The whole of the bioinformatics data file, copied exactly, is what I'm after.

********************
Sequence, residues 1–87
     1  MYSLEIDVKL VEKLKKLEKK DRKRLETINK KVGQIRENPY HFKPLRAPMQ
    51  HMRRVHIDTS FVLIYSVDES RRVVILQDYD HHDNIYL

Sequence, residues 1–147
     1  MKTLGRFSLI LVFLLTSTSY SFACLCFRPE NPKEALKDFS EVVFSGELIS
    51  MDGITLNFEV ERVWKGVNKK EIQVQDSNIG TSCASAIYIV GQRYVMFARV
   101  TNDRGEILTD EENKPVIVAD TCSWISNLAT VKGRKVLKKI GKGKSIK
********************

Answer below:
Sequence, residues 1–87
     1  MYSLEIDVKL VEKLKKLEKK DRKRLETINK KVGQIRENPY HFKPLRAPMQ
    51  HMRRVHIDTS FVLIYSVDES RRVVILQDYD HHDNIYL

Sequence, residues 1–147
     1  MKTLGRFSLI LVFLLTSTSY SFACLCFRPE NPKEALKDFS EVVFSGELIS
    51  MDGITLNFEV ERVWKGVNKK EIQVQDSNIG TSCASAIYIV GQRYVMFARV
   101  TNDRGEILTD EENKPVIVAD TCSWISNLAT VKGRKVLKKI GKGKSIK